Gr 8 Up--On May 22, 1995, teenagers Jimmy Farris and Mike McLoren were hanging out in McLoren's backyard when four other boys from their high school--Jason and Micah Holland, Tony Miliotti, and Brandon Hein--hopped the fence onto the McLoren property. Twenty minutes later, Farris lay dead in the McLoren kitchen from multiple stab wounds, while McLoren was taken to the hospital for cuts. The once quiet community of Agoura Hills, CA, was shattered by Farris's death, and the ensuing media circus did nothing to help the images of the five boys arrested (another, Chris Velardo, who wasn't present at the scene of the crime was also locked up). The prosecution built its case on flimsy eyewitness accounts and blatant hearsay, and at the end of the lengthy trial, four out of the five boys were convicted of first-degree murder. Porinchak carefully exposes some of the failings of the trial, including the biased presiding judge and the selection of jurors who personally knew the victims' families. The narrative keeps the details of what really happened vague, adding to the mystery of the case. Ultimately, this is a story of how four lives were forever disrupted because of prejudice and a flawed judicial system. VERDICT A solid purchase for teen collections where true crime is popular; an additional purchase otherwise.--Tyler Hixson, School Library Journal
A new line of YA nonfiction from Simon Pulse called Simon True, which launches in May with two titles, will chronicle actual crime stories involving real teens who have faced the very real consequences of their illegal actions. Written with a “you-are-there” immediacy rather than from an historical perspective, the books catapult readers into a moment when a single decision – invariably a bad one – forever changed teens’ lives. Simon True debuts with One Cut by Eve Porinchak and Deep Water by Katherine Nichols, which will be released simultaneously in hardcover, paperback, and e-book.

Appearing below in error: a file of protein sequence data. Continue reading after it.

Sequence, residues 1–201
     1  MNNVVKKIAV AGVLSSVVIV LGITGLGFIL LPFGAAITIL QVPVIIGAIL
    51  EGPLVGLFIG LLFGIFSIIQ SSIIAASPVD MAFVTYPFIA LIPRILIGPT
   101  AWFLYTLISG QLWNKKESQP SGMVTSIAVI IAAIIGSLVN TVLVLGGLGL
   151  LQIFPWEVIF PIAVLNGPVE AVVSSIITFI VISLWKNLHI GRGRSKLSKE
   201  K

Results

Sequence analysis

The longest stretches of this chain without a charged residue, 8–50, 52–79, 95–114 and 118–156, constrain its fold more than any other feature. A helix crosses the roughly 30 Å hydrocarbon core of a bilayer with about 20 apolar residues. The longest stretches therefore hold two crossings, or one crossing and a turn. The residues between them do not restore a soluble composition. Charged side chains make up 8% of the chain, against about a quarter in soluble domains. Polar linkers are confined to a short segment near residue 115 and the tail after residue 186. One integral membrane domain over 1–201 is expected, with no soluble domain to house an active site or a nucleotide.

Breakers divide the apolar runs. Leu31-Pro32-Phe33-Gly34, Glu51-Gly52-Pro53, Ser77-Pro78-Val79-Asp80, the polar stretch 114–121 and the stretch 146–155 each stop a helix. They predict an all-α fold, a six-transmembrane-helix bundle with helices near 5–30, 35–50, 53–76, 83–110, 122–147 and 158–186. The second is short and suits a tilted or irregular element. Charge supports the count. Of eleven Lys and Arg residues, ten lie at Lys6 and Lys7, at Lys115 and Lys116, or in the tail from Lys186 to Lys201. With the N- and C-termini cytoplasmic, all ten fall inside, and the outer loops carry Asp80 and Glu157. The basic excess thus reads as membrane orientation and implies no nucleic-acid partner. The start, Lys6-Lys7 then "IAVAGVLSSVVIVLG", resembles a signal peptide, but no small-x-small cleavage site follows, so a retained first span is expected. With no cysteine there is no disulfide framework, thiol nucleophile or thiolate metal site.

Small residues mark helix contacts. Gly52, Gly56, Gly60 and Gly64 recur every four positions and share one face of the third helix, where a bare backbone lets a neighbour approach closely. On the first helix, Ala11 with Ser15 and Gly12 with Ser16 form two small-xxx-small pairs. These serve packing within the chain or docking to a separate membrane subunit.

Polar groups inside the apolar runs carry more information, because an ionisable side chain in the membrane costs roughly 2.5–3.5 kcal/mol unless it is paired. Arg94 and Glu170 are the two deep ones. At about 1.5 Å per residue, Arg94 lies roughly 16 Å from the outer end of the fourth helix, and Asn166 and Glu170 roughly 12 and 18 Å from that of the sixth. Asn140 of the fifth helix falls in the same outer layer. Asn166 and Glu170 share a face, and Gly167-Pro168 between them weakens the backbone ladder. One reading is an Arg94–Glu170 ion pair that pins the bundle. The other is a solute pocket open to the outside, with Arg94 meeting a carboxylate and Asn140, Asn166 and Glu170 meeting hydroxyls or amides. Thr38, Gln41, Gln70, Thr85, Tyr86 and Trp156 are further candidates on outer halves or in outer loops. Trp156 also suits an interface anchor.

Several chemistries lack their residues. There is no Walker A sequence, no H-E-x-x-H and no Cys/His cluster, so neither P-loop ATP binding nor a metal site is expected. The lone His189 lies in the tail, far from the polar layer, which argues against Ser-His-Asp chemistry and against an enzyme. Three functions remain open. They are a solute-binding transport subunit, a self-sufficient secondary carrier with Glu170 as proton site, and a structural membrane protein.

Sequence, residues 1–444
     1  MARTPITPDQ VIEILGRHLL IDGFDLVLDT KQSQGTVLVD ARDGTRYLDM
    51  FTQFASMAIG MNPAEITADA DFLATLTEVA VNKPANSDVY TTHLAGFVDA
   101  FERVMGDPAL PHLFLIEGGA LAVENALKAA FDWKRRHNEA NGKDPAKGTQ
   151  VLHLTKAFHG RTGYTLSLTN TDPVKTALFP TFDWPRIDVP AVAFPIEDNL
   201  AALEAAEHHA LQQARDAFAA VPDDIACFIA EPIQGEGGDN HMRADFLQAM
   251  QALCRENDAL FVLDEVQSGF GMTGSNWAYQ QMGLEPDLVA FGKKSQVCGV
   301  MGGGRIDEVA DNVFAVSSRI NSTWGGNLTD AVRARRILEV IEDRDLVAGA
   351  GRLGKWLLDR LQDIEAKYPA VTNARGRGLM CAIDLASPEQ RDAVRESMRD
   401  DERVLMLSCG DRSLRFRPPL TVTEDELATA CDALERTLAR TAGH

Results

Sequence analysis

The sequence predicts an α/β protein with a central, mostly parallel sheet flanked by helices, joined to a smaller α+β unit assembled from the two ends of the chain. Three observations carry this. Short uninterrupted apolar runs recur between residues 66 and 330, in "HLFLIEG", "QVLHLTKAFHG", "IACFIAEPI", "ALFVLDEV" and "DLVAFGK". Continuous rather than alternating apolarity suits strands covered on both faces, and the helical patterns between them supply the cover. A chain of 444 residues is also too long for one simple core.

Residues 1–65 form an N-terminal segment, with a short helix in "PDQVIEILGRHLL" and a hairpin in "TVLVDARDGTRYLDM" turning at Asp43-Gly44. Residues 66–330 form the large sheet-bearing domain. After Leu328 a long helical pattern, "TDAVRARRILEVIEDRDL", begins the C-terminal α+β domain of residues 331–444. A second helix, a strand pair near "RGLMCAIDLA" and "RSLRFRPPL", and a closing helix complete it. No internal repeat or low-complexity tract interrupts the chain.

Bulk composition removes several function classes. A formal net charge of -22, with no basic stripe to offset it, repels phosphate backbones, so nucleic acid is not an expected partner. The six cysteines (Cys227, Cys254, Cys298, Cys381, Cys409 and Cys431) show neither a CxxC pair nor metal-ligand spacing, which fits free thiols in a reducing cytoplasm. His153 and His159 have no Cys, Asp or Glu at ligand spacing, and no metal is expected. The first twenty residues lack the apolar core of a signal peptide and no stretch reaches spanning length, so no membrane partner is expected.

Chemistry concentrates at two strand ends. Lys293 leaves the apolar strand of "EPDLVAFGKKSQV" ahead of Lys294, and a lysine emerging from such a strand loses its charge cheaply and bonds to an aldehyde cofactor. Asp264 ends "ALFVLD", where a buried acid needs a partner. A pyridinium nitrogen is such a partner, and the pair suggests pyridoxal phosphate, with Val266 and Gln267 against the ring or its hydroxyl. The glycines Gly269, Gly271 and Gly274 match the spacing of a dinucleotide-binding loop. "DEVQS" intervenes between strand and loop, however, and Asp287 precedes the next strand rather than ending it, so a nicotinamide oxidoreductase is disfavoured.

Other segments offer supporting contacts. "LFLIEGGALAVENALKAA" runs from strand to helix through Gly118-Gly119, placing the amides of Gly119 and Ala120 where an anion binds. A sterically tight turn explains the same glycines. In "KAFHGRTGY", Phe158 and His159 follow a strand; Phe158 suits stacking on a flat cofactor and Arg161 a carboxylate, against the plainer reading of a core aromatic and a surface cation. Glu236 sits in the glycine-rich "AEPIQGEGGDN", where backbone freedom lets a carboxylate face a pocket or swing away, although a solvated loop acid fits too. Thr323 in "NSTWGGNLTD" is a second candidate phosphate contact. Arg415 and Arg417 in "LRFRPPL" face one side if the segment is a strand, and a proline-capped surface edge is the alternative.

School Library Journal
Salacious headlines, disturbing details, and stories tinged with scandal. While true crime is often associated with the prurient and the voyeuristic, a trio of new titles prove that the genre is far more nuanced. These books challenge teens to open their eyes to the realities of the justice system, to exhibit compassion, and to be conscious of the inequities that so often lead to crime—in sum, to be perceptive, sensitive members of society.
Like The Outsiders? Try This!
If you’re a fan of The Outsiders like I am, then you NEED to try One Cut by Eve Porinchak. One Cut is based on a true story. I repeat, the crime in this one is REAL. Everything you love about The Outsiders, the thrill, violence, and cautionary tale, also rings true in One Cut with the added horrifying bonus of having actually happened. Just read the summary, if it doesn’t convince you, I don’t know what will.
Five Reasons To Read One Cut
Eve Porinchak’s book, One Cut, part of the Simon True series, details the events of the crime and trial that followed it, and the ways it dramatically affected the lives of everyone involved. One Cut is a heartbreaking and fascinating story, and I found myself shaken by it, so much so that I felt compelled to put together a list of reasons why you should read it too.